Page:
Carmen Herrera sold her first painting when she was 89 years old. Today, at 101, she still works almost every day in her studio. Even though recognition came to her late in life, to call her a late-bloomer would undermine a career spanning over seven decades, a career developed in Havana, Paris, and New York and marked by Minimalist and Op-Art sensibilities even before the movements bearing those labels were established. The exhibition Carmen Herrera: Lines of Sight, on view at the Whitney Museum until January 2nd of next year, focuses on a three-decade period of Herrera’s long trajectory, from 1948 to 1978, and features over fifty works that include paintings, sculptures, and drawings. These works represent the steps in the evolution of her groundbreaking and signature style of abstraction, and bring much-warranted attention to an artist now considered among the most important figures of American modernism.
Herrera was born in Havana in 1915 and was educated there as well as in Paris, studying art, art history, and architecture. In 1939, after marrying an American schoolteacher, she left her native Cuba and moved to New York. In 1948, when Abstract Expressionism was blooming in the city’s art scene, Herrera decided to move to Paris. This is where the Whitney show begins as, according to the artist, it was at this point that she began to create her first mature works.
The first section of the exhibition is comprised of works made during her six-year stay in the French capital and during the four years that followed her move back to New York in 1954. In this formative period, Herrera explored different approaches to abstraction and experimented with black-and-white compositions. She deliberately abandoned any style of figuration and aimed instead towards highly geometric compositions using precise lines. She delineated large single color sections ranging in value and contrast to achieve a sense of totality in her paintings. A close inspection of one of these works, Untitled, 1948, reveals the application of thick layers of paint which enhances the tension created at the edges between color sections. After her return to America, she brightened her palette and produced bold, visually captivating works such as Green and Orange, 1958, an early example of Herrera’s incisive style in which all indications of brushstrokes and hand-drawn lines have been removed.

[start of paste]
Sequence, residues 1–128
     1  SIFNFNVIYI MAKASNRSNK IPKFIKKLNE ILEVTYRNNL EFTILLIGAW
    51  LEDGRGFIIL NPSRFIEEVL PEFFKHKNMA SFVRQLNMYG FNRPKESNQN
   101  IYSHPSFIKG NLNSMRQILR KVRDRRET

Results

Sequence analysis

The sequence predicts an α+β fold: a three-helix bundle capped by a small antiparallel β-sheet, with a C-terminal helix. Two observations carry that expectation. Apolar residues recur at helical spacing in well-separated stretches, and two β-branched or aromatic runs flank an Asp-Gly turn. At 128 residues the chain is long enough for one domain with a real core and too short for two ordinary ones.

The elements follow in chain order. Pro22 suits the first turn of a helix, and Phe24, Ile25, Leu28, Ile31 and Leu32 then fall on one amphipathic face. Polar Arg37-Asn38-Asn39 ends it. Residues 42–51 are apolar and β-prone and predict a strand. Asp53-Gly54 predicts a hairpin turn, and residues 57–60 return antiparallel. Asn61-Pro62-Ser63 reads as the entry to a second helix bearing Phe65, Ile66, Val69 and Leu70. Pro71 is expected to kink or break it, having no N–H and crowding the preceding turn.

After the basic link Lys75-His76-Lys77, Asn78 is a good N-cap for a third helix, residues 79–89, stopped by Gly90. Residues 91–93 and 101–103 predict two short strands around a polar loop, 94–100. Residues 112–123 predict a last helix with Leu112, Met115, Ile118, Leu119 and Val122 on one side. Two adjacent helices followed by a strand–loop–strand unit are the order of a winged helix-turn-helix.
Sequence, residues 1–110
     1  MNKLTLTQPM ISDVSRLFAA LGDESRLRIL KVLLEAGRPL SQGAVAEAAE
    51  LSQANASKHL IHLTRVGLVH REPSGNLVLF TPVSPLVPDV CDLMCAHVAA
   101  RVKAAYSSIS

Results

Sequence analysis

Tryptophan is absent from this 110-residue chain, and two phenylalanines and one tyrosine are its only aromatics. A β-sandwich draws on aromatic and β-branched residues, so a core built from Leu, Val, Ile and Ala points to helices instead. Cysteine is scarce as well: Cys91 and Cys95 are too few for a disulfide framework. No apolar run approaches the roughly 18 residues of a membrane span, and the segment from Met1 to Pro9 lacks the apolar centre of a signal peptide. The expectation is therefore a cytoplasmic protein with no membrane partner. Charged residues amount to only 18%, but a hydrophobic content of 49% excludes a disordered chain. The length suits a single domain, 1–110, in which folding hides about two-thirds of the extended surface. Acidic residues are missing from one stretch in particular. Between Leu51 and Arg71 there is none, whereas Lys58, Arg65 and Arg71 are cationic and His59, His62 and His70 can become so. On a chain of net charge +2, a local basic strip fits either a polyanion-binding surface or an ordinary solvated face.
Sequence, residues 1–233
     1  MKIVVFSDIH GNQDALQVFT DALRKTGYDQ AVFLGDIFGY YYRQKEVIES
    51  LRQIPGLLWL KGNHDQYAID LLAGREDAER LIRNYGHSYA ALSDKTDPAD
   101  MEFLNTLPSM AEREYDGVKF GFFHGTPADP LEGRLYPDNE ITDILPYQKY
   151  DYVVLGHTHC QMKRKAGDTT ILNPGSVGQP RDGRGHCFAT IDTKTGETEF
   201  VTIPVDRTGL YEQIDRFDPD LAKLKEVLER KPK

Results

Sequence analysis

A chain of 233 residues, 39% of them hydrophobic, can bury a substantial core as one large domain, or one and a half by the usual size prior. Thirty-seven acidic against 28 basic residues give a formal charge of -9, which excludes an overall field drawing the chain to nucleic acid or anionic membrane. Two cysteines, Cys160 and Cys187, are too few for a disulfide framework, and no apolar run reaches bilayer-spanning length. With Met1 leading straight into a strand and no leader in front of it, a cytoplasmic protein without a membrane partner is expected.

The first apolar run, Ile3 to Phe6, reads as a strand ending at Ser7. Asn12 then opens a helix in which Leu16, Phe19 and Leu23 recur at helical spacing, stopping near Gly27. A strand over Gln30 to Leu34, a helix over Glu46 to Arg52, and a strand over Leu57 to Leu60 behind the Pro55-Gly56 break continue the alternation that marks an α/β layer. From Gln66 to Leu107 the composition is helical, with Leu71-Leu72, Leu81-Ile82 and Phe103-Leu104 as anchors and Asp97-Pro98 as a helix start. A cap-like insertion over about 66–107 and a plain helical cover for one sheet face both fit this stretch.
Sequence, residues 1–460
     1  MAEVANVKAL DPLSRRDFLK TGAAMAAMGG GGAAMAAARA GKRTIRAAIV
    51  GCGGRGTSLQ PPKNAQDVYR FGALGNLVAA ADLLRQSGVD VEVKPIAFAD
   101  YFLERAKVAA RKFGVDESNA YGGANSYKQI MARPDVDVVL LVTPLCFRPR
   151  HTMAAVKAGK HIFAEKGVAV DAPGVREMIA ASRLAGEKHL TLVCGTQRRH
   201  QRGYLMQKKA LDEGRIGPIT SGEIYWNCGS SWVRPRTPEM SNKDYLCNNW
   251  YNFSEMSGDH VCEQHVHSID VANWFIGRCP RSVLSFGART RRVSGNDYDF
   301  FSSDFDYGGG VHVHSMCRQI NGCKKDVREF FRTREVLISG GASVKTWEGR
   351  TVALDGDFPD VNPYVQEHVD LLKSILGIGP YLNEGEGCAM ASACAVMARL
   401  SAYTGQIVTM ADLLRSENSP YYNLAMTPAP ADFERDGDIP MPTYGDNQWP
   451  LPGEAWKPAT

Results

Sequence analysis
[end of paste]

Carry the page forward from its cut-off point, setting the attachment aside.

For the second section of the exhibition, which covers works made between 1959 and 1971, curator Dana Miller chose nine paintings from Herrera’s Blanco y Verde series. These works, regarded by the artist as the most important of her career, explore the possible iterations of a very simple set of principles: rectangular compositions in green and white with triangular forms. The triangular shapes in each work are positioned so that they just barely meet at their vertices, creating a sense of stability at each point of near contact. There is no need to get closer to the canvases this time; the viewer, seated on the bench in the middle of the room, can appreciate the moments of supreme tension shared by all the paintings hanging on the surrounding walls. In these works, Herrera also extends her treatment of the painting as a tangible object to the physical structure of the canvas, using the edges of the painting as a compositional tool—for example, in works such as Irlanda, 1965, the composition wraps around the edges of the frame.
Herrera continued to work with dichromatic compositions throughout the 1960s and 70s, getting rid of all elements outside of the essential in color and form. The third section of the exhibition, Painting, Drawing, and Estructura, 1962–1978, presents compositions that are more refined in terms of technique: the artist constructs complicated relationships using simple forms, achieving what would later be called a minimalist aesthetic. During this period, Herrera produced Estructuras, a series of painted wooden works that, like much of her oeuvre up to this point, challenge the traditional representational character of painting. While sharing the geometric aspect of her earlier compositions, they are also sculptural in nature, thus encouraging the viewer to walk around them. On one of the gallery walls, works on paper show the designs and drawings that Herrera made as preparatory studies for these pieces. Her use of line and consideration of the overall layout reveal the influence of her architectural training from early in her career.
Carmen Herrera: Lines of Sight gives the viewer the chance to witness three decades of continuous exploration of geometric abstraction by an artist that perhaps has not been rewarded with the attention she deserves until just recently. By showcasing her work in three chronologically consecutive periods, the exhibition demonstrates the gradual development of Herrera’s unique aesthetic, which has ultimately earned her a place among the most important figures of American modernism.
—Miguel Angel Calderon, Visitor Services Manager, The Drawing Center